Understanding the distribution of taxa and associated traits across different environments is one of the central questions in microbial ecology. High-throughput sequencing (HTS) studies are presently generating huge volumes of data to address this biogeographical topic. However, these studies are often focused on specific environment types or processes leading to the production of individual, unconnected datasets. The large amounts of legacy sequence data with associated metadata that exist can be harnessed to better place the genetic information found in these surveys into a wider environmental context. Here we introduce a software program, seqenv, to carry out precisely such a task. It automatically performs similarity searches of short sequences against the "nt" nucleotide database provided by NCBI and, out of every hit, extracts – if it is available – the textual metadata field. After collecting all the isolation sources from all the search results, we run a text mining algorithm to identify and parse words that are associated with the Environmental Ontology (EnvO) controlled vocabulary. This, in turn, enables us to determine both in which environments individual sequences or taxa have previously been observed and, by weighted summation of those results, to summarize complete samples. We present two demonstrative applications of seqenv to a survey of ammonia oxidizing archaea as well as to a plankton paleome dataset from the Black Sea. These demonstrate the ability of the tool to reveal novel patterns in HTS and its utility in the fields of environmental source tracking, paleontology, and studies of microbial biogeography. To install, go to: https://github.com/xapple/seqenv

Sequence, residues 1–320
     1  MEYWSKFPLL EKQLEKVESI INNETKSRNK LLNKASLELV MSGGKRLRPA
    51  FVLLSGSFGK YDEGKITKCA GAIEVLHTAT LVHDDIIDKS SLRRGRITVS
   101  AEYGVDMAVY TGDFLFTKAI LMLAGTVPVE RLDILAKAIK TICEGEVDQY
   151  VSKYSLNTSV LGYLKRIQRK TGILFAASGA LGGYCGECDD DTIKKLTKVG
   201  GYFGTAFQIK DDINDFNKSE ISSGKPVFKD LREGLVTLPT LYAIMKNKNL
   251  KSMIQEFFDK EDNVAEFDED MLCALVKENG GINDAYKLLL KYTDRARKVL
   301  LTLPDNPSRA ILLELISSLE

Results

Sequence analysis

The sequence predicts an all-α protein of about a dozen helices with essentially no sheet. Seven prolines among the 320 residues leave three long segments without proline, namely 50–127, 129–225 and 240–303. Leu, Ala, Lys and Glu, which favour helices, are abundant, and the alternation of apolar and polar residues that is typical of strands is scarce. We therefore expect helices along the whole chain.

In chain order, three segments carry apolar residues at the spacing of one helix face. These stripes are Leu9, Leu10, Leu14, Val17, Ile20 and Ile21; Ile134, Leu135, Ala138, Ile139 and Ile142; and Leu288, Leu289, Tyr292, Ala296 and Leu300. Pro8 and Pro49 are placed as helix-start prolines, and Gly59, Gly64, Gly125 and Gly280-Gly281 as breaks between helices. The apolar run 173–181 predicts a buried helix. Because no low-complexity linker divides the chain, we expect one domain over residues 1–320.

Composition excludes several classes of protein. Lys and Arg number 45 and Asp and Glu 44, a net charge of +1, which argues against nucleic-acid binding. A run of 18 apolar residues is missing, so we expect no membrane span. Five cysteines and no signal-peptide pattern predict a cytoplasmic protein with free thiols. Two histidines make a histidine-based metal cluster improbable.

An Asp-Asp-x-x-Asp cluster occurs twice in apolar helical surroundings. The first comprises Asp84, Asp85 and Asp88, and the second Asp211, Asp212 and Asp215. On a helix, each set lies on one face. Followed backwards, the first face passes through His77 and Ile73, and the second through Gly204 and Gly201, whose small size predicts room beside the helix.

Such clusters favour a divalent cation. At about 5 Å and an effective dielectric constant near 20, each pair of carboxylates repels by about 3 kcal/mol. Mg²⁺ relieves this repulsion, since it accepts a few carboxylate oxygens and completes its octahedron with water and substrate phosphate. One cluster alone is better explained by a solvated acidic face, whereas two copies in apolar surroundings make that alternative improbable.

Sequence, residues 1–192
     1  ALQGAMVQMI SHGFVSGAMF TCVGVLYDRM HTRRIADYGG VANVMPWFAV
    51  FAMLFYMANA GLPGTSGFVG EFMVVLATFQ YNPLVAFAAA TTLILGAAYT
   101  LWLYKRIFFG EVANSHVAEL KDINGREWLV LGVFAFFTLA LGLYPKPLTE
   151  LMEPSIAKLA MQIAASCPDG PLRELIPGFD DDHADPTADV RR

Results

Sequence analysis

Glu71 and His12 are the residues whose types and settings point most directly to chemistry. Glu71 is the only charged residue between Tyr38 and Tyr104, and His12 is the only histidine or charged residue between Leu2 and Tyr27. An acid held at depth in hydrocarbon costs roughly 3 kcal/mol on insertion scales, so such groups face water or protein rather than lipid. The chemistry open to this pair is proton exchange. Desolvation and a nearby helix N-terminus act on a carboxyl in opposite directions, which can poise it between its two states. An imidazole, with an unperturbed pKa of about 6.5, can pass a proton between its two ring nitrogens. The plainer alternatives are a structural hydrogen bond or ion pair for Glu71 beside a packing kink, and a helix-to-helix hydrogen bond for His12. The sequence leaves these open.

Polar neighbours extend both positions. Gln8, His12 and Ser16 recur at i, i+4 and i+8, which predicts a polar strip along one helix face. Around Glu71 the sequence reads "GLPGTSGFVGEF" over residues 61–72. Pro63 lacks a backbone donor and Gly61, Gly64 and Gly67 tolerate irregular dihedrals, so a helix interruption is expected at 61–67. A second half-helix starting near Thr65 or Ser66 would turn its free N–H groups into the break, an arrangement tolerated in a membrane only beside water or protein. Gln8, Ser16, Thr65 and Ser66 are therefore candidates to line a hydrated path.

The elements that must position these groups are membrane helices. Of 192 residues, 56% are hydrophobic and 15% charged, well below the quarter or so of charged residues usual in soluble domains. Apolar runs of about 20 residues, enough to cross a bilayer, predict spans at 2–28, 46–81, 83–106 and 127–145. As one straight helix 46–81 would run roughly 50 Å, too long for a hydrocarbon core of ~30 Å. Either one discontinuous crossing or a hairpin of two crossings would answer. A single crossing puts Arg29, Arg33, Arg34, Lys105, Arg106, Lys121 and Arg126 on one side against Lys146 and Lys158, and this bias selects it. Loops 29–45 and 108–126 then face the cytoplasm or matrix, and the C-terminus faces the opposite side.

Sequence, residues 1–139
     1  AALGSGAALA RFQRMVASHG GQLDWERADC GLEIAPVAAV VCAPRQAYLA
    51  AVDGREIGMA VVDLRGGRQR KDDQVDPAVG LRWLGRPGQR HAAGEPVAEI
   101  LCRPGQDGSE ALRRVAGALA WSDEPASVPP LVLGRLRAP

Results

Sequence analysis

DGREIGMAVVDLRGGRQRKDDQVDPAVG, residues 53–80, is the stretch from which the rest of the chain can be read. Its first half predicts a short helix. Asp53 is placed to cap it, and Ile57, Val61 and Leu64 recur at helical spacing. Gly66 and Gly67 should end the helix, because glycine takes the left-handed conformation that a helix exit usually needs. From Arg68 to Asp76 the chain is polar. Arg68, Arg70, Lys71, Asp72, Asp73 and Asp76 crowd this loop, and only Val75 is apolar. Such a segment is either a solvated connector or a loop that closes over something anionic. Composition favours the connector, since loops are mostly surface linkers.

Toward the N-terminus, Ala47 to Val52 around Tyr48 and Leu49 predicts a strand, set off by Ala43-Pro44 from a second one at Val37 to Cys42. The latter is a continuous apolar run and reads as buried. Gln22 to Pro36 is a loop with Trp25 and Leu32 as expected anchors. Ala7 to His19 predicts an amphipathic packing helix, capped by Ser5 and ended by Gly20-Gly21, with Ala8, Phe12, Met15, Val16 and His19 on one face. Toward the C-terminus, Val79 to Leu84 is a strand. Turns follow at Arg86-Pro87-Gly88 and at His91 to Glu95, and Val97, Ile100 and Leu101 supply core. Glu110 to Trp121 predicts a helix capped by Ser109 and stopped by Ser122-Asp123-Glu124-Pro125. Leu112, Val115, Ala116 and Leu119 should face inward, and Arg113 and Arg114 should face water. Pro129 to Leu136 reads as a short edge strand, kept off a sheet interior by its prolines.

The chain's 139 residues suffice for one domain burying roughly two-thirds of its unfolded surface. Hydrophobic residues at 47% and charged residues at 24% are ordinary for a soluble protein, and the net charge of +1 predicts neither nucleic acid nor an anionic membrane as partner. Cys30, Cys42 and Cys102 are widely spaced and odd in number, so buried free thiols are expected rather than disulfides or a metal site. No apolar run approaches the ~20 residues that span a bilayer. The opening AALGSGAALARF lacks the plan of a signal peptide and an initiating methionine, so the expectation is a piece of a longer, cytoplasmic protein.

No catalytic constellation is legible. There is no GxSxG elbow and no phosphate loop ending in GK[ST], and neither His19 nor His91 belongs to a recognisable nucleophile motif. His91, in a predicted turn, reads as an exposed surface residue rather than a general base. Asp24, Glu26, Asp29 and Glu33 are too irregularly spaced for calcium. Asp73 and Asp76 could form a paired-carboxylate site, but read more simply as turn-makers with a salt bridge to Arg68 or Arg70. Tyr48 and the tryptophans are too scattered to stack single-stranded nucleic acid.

Lucas Sinclair and Alexander Eiler were funded by the Swedish Foundation for strategic research (ICA10-0015). Umer Zeeshan Ijaz was funded by NERC IRF (NE/L011956/1). Lars Juhl Jensen was funded by the Novo Nordisk Foundation (NNF14CC0001). Evangelos Pafilis was supported by the European Commission FP7-REGPOT project MARBIGEN (grant agreement #264089) and the LifeWatchGreece Research Infrastructure (384676-94/GSRT/NSRF C&E). Christopher Quince is funded through the MRC Cloud Infrastructure for Microbial Bioinformatics (CLIMB) project (MR/L015080/1) through fellowship (MR/M50161X/1). Cecile Gubry was funded by the Environment Research Council Fellowship (NE/J019151/1). The funders had no role in study design, data collection and analysis, decision to publish, or preparation of the manuscript.